BOTH VESHNYAKOV AND PRISTAVKIN WANT TO KEEP THEIR JOBS

Aleksandr Veshnyakov, the head of the Central Election Committee, on 6 November rejected rumors that he is about to resign his post and said he has no plans to do so in the next three years, Interfax reported. Meanwhile, Anatolii Pristavkin, the head of the Presidential Pardons Commission, said the same day that he will not voluntarily leave his post, the news service reported. PG

LUZHKOV CALLS FOR STATE COMMITTEE ON MIGRATION

Moscow Mayor Yurii Luzhkov said in an interview published in "Moskovskie novosti" on 6 November that he intends to seek the creation of a state committee for the affairs of migration and ties with compatriots. Meanwhile, an article in "The Moscow Times" the same day suggested that the Interior Ministry, which recently acquired responsibility for dealing with migration, is poorly equipped to do so. Svetlana Gannushkina, the head of the Civic Assistance NGO, told the paper that the Interior Ministry is "incapable of dealing with the human side of migration. Working with migrants requires a high-level human rights culture, which the Interior Ministry does not have." An official of the now-defunct Ministry for Federation Affairs, Nationalities, and Migration Policies added that "putting the Interior Ministry in charge of migrants is like founding an animal rights society in a meat factory." PG

CIVIC FORUM SAID TO HAVE $1 MILLION PRICE TAG

According to an article in "Kommersant-Daily" on 6 November, the Civic Forum meeting set to take place on 21-22 November will cost $1 million, which is to be paid out of the president's administrative account. The paper also said that there are now three organizing committees: one with 27 representatives from nongovernmental organizations, a second with 27 from the government, and a third with 27 who do not agree with either of the first two. PG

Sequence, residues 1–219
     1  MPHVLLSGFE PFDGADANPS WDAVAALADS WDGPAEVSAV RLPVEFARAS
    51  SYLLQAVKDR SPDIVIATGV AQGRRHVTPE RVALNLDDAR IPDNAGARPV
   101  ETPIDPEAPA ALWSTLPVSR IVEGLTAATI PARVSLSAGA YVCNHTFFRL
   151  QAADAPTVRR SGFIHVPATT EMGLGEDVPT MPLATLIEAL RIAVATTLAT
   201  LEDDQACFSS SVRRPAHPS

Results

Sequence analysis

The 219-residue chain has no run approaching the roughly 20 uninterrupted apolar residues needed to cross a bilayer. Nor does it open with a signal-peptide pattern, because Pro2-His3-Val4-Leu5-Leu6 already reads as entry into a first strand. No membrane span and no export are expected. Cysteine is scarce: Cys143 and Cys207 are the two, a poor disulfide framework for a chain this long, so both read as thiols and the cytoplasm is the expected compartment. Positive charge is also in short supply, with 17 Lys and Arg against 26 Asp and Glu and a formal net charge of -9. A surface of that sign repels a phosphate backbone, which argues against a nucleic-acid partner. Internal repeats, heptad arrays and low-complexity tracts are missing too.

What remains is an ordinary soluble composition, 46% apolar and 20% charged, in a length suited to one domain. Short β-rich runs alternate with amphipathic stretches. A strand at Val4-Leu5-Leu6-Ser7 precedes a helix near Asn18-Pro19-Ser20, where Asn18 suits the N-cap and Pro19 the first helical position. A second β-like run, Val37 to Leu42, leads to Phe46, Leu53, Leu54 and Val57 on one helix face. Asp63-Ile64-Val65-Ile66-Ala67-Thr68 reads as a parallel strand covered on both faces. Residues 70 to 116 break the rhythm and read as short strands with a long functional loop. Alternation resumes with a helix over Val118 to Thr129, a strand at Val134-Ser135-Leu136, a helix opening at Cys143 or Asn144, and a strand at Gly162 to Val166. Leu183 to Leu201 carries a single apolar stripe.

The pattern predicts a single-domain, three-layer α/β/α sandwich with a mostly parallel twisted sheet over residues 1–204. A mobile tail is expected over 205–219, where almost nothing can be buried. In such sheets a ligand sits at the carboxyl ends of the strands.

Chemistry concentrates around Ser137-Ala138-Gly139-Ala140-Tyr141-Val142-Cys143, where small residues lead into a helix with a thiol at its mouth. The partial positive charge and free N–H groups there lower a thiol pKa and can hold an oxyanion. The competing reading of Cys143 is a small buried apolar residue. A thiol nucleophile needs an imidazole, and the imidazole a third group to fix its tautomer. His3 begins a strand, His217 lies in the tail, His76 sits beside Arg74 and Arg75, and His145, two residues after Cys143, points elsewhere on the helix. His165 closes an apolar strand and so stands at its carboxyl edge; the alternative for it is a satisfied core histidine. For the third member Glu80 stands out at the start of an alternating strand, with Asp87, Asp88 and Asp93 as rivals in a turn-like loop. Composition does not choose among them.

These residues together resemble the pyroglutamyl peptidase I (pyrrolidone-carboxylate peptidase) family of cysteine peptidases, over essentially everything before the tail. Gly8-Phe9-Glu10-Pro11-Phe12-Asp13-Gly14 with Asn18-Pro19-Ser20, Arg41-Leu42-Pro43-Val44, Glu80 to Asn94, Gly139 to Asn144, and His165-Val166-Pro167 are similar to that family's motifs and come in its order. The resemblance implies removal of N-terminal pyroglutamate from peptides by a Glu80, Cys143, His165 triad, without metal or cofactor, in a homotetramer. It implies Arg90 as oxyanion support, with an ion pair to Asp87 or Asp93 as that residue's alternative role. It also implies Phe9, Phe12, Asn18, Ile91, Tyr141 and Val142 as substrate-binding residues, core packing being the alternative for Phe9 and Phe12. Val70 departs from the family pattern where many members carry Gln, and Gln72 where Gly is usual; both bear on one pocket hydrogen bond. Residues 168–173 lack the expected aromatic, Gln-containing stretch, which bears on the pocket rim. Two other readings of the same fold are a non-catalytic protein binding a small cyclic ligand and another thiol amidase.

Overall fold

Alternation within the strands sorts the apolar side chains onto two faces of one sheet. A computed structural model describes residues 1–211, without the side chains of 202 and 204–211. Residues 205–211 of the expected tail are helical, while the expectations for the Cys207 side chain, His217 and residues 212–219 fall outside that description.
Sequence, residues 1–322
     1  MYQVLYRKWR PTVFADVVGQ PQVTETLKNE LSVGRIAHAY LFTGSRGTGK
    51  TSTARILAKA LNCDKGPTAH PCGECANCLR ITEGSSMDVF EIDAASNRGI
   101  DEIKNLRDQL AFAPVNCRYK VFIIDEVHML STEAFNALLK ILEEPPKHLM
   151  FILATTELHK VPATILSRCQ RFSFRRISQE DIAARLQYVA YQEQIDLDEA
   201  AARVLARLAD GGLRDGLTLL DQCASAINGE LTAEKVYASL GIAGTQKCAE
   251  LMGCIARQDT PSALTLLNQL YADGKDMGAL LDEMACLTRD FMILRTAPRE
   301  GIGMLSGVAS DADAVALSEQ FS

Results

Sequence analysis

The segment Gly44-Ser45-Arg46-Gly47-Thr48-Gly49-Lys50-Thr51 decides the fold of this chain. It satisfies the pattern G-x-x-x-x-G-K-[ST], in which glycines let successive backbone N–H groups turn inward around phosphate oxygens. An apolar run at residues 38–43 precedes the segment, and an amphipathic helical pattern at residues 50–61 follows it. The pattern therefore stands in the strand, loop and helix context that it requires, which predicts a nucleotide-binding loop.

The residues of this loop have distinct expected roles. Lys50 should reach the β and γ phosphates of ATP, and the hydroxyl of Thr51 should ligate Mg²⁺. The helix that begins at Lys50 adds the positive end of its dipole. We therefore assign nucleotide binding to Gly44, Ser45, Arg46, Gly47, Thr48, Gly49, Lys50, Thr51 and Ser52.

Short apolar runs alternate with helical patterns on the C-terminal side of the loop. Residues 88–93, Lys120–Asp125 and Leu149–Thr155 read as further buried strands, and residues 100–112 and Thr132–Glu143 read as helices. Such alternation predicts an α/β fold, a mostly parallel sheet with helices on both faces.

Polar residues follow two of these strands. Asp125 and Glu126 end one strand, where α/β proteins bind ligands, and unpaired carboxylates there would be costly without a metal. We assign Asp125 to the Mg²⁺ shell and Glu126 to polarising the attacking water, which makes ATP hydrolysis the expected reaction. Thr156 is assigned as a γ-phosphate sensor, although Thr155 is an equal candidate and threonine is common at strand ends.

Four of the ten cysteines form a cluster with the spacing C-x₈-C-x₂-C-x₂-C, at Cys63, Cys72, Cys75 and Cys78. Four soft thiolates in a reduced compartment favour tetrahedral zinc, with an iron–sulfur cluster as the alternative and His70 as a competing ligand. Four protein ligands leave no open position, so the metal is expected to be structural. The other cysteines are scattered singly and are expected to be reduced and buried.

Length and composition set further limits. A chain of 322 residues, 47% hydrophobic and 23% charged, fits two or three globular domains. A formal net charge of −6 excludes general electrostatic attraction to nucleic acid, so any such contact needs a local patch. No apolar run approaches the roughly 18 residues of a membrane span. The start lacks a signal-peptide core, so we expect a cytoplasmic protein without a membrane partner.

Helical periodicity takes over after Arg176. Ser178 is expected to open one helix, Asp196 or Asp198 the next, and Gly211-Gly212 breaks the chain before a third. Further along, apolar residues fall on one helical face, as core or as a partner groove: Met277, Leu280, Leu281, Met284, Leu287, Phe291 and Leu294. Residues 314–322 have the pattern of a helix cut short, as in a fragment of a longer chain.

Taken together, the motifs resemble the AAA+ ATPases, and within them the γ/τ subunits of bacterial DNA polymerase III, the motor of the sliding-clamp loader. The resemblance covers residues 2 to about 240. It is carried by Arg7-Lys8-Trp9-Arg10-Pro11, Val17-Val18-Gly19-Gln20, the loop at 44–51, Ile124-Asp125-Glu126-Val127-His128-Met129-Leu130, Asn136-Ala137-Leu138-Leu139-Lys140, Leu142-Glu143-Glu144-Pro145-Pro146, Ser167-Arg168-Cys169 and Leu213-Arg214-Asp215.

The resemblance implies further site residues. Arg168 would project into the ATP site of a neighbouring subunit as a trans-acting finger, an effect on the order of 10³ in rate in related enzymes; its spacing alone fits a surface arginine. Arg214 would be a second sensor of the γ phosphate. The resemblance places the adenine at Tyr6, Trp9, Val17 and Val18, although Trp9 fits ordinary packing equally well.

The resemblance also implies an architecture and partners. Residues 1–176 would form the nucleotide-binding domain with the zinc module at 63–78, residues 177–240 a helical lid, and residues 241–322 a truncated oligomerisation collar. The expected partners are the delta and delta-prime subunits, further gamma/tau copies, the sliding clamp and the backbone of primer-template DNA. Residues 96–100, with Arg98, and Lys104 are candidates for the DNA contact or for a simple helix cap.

ZYUGANOV SEES BRIGHT FUTURE FOR COMMUNISTS

Speaking on the 10th anniversary of President Boris Yeltsin's ban on the Communist Party of the Soviet Union, Communist leader Gennadii Zyuganov said on 6 November that such actions only highlight the popularity of communist ideas. He said that "no decrees can affect the inclinations of citizens" and that "it is possible to fight with ideas only with other ideas." Zyuganov added that "without the friendship, popular rule, and justice in the name of which the October Revolution was carried out, Russia will not get out of its crisis." PG

PROSECUTORS SEEK FOUR-YEAR TERM FOR DORENKO

Prosecutors said on 6 November at the trial of television journalist and Moscow Duma candidate Sergei Dorenko that they will ask that he be sentenced to four years in a prison camp, Interfax reported. Dorenko is accused of running down a navy captain on a motorbike earlier this year. PG

SUPREME COURT STRIKES DOWN SOME MILITARY SECRECY RULES

The Russian Supreme Court on 6 November ruled that some of the provisions of the Defense Ministry's classification system are not in conformity with the law, NTV reported on 6 November. Among those struck down are some that were used by prosecutors against former Russian naval officer and environmentalist Aleksandr Nikitin in the past and against a variety of scientists and journalists today. The most important finding of the court, however, may be its conclusion that the military cannot classify information about its activities that cause negative effects on people and the environment. VY

SUMMIT PREPARATIONS CONTINUE, HINTS OF COMPROMISE

Russian and American officials at various levels continued to prepare for the upcoming Russian-U.S. summit in mid-November, Russian and Western agencies reported on 6 November. Both sides indicated that there has been progress toward agreements on cutting nuclear weapons and modifying the ABM Treaty. The Moscow media suggested that U.S. President George W. Bush's backing for an end to the 1974 Jackson-Vannik amendment was Washington's response to Moscow's closing of the listening post at Lourdes in Cuba. PG

RUSSIA TO COOPERATE WITH INDIA ON NUCLEAR TECHNOLOGY, FIFTH-GENERATION FIGHTER

Indian Prime Minister Vajpayee on 6 November met with President Putin and Prime Minister Mikhail Kasyanov to discuss expanding cooperation in the nuclear power area, including Russian construction of a new nuclear power station in India and the joint development of a fifth-generation fighter plane, Interfax reported. VY